- Press Release Distribution

MD Anderson Research Highlights: ASTRO 2023 Special Edition

Featuring presentations on novel combination therapies and analytical methods

( SAN DIEGO ― The University of Texas MD Anderson Cancer Center’s Research Highlights showcases the latest breakthroughs in cancer care, research and prevention. These advances are made possible through seamless collaboration between MD Anderson’s world-leading clinicians and scientists, bringing discoveries from the lab to the clinic and back.

This special edition features presentations by MD Anderson researchers at the 2023 American Society for Radiation Oncology (ASTRO) Annual Meeting. Information on all MD Anderson ASTRO Annual Meeting content can be found at

Read this press release in the MD Anderson Newsroom.

Assessing HPV circulating cell-free DNA kinetics could yield valuable insights for cervical cancer (Abstract 107)

Human papillomavirus (HPV) is a primary cause of cervical cancer, and viral HPV DNA can be detected in the blood of patients with cervical cancer. A new study presented by Aaron Seo, M.D., Ph.D., revealed important insights from analyzing the kinetics of this circulating DNA. In this study, researchers found the levels of viral HPV DNA changed dynamically throughout the course of chemoradiation and that treatment with a therapeutic HPV vaccine was associated with a more rapid decline in circulating DNA. These promising findings indicate the need for additional studies to determine how the kinetics of cell-free HPV DNA may provide further information into disease extent, clinical stage and treatment response. Seo will present the results on Oct. 1.

Radiation therapy may prime immune systems of patients with oligometastatic prostate cancer (Abstract 157)

In the EXTEND trial, metastasis-directed treatments using a combination of radiation therapy and hormone therapy improved progression-free survival compared with hormone therapy alone. However, the mechanisms and biomarkers predicting patient responses are not well understood. In a new study presented by Alexander Sherry, M.D., researchers studied the immune systems of patients in this trial and found that radiation plus hormone therapy promoted a stronger immune response than hormone therapy alone. Further, among patients receiving radiation, those with stronger immune responses had better outcomes. This study provides a possible link between metastasis-direction radiation, the systemic immune response and overall disease control. The results pave the way for new studies combining immunotherapies with radiation and hormone therapy and for personalizing treatments based on a patient’s immune system. Sherry will present the findings on Oct. 2.

Lymphopenia during bridging radiation therapy not associated with poorer outcomes in patients with aggressive B-cell lymphomas (Abstract 195)

Bridging radiation therapy has been used as a strategy for disease control in patients with relapsed or refractory aggressive B-cell lymphoma prior to treatment with anti-CD19 chimeric antigen receptor (CAR) T cell therapy. However, there have been concerns about treatment-related lymphopenia, a condition of low white blood cell counts with a documented correlation to adverse patient outcomes in several cancer types. In a retrospective study of 40 patients presented by Gohar Manzar, M.D., Ph.D., researchers found that lymphopenia due to bridging radiation therapy was not associated with worse treatment responses or survival outcomes in these types of B-cell lymphoma patients. The findings support consideration of bridging radiation therapy as a treatment option in this context. Manzar will share the results on Oct. 2.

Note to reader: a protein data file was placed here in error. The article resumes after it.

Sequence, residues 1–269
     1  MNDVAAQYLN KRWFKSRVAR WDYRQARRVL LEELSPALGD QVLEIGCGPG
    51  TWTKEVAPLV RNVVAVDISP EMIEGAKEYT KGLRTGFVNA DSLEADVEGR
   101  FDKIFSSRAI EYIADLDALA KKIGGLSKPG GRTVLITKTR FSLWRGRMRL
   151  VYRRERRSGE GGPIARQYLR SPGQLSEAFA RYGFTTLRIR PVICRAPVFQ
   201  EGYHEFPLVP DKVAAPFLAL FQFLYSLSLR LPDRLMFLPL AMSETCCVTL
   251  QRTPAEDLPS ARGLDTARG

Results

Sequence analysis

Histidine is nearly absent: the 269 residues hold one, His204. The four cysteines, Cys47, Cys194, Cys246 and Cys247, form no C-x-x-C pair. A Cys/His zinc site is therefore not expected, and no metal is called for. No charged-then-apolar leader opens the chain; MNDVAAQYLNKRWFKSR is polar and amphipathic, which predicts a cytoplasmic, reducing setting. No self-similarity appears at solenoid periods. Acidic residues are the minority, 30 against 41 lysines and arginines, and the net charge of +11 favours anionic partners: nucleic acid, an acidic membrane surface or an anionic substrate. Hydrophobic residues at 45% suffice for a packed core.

New MRI technology shows potential in measuring treatment responses for pancreatic cancer (Abstract 224)

Intravoxel incoherent motion (IVIM) magnetic resonance imaging (MRI) is an emerging imaging technique used to measure tissue characteristics without the use of a contrast agent, but continued research is needed to correlate the measurable characteristics of IVIM with tumor radiation responses. In a study of 12 patients with pancreatic cancer presented by Lucas McCullum, IVIM scans showed significant differences between patients stratified by changes in CA19-9, a pancreatic tumor marker correlated with response. According to the researchers, these findings warrant continued investigation into IVIM as an approach to characterize treatment responses. McCullum will present the results on Oct. 3.

New PET/CT software could simplify and improve radiation treatment planning for lung cancer (Abstract 270)

Currently, radiation treatment planning for patients with non-small cell lung cancer requires two imaging sessions, a gated 4D-computed tomography (CT) scan and a non-gated positron emission tomography (PET)/CT scan. Data from those sessions are used to simulate radiation therapy, yet combining these data from two different sessions can make it challenging to assess treatment response and plan treatments effectively. A new prototype software presented by Tinsu Pan, Ph.D., allows the same information to be gathered in a single imaging session of less than 15 minutes. The imaging is free of misregistration and motion artifacts, without any hardware gating and without the need for an external respiratory monitoring device. This approach could improve not only the patient experience but also the ability of clinicians to assess radiation treatment plans. Pan will present the findings on Oct. 4.

Novel antibody-toxin conjugate targeting CD47 improves immune responses against breast cancer models (Abstract 304)